December 30, 2011
IRD: The Iranian Minister of Intelligence Heydar Moslehi’s visit to Saudi Arabia has raised debates inside the Iranian diplomatic circles. The chain of events that began with the outbreak of Arab revolutions in the Middle East and Northern Africa and continued with US’ allegation of Iran’s attempt to assassinate the Saudi ambassador to Washington have made Moslehi’s visit to Riyadh a subject of intense speculation by the regional media and Western newspapers, and provoked criticism among certain Conservative mouthpieces inside Iran which called the visit hasty. IRD reviews the matter in an interview with Ali Akbar Asadi, Middle East affairs analyst:
IRD: What was the main goal of Moslehi’s visit to Riyadh considering the security relations between Iran and Saudi Arabia?
AA: There is not that much security exchange between the two countries; what we have now is only a security pact sealed at the time of Mohammad Khatami, the former president. Seemingly the visit was made due to the increasing tensions between Tehran and Riyadh and also regional developments. These are the only information that have been disclosed about this visit so far. The two countries were already engaged in tense relations, especially caused by the Saudi party, brought to a new level with allegations of Tehran's attempt to murder Adel el-Jubeir, the Saudi Ambassador to Washington. Iran and Saudi Arabia, beside Turkey, are the three main actors in the Middle East and any conflict between Iran and Saudi Arabia may be followed by dire consequences for both. Although diplomatic interactions are expected to relieve the tensions, the regional rivalry between them won’t abate, especially because of Tehran's and Riyadh’s different policies regarding Bahrain and Syria. Iran and Turkey have also had some differences in their viewpoints about Syria, but they have tried to keep up their interaction within the recent months. Turkey and Saudi Arabia are also regional competitors whose challenges have intensified in the recent months, but they try to keep their relations at a certain level. But the story is different when it comes to Iran and Saudi Arabia, as rivalry between them sparks tension and although diplomatic interactions could ease the strain to a certain extent, it cannot be expected to have a long-time stable impact.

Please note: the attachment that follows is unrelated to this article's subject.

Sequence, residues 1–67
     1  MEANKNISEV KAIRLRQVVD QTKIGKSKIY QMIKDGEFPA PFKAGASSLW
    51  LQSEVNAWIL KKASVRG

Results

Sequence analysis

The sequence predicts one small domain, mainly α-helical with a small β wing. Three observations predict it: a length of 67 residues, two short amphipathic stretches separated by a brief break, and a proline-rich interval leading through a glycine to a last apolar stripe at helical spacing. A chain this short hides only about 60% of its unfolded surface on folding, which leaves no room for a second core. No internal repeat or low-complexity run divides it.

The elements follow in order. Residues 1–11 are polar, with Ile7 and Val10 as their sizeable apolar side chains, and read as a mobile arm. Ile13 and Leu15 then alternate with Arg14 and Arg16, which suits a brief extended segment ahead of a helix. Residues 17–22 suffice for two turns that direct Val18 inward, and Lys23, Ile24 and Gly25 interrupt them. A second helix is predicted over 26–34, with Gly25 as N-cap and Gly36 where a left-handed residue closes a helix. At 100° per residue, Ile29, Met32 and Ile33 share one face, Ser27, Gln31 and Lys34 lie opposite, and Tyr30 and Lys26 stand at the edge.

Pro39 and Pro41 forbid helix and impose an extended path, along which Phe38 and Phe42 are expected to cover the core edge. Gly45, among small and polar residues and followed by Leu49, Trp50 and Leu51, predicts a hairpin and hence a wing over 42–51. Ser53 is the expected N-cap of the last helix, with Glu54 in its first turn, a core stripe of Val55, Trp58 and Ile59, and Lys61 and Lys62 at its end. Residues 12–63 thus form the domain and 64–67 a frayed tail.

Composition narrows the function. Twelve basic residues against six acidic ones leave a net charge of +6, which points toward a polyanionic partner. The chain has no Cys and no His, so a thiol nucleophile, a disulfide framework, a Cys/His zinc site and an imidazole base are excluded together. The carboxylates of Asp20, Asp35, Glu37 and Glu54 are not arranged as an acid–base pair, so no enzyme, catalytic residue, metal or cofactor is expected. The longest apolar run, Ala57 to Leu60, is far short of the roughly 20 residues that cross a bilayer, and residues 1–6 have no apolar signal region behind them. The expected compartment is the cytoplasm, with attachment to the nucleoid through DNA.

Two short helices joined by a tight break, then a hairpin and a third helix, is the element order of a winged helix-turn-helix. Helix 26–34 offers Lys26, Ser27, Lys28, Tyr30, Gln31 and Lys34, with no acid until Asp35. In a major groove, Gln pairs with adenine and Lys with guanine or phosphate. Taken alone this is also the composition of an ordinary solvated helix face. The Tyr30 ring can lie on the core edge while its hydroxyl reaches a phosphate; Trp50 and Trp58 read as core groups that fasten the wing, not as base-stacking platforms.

IRD: What was the reason to dispatch Moslehi for negotiations with Saudis over Syria?
AA: This is just a minor concern and it relates to intragovernment policies. Two major axes were discussed in the negotiations between Moslehi and Crown Prince Naif; Bahrain and Syria. There is a wide range of regional actors calling for regime change in Syria and Saudis stand at the top of the list. Qatar and Turkey come next in the list, though Turkey has adopted a less hostile position due to certain considerations, while Saudi Arabia persistently follows the overthrow of Bashar al-Assad’s regime. Other countries -including Iraq- are seeking a different solution for Syria via the Arab League channel.
IRD: Western media talk of attempts by the US and Europe to convince Riyadh to tame the oil price in case that boycotting the Iranian oil is activated. Could this have possibly been on the negotiations’ agenda?
AA: Putting Iran under pressure through sanctions has been a regular option for the US in the last few years. For long, Saudis have wanted to increase their oil production to control the oil market. Riyadh has backed the Americans during the US attack on Iraq in 2003, after the 9/11 shock to the oil market and any other occurrence deemed to shock the international oil market. Boycotting the Iranian oil amounts to declaration of war against Iran, as some of analysts argue, since it threatens the country’s security and the likely reaction of Iran may aggravate tensions.
17 Saturday December 2011 1:47
Posted by Naxal Watch at 6:59 AM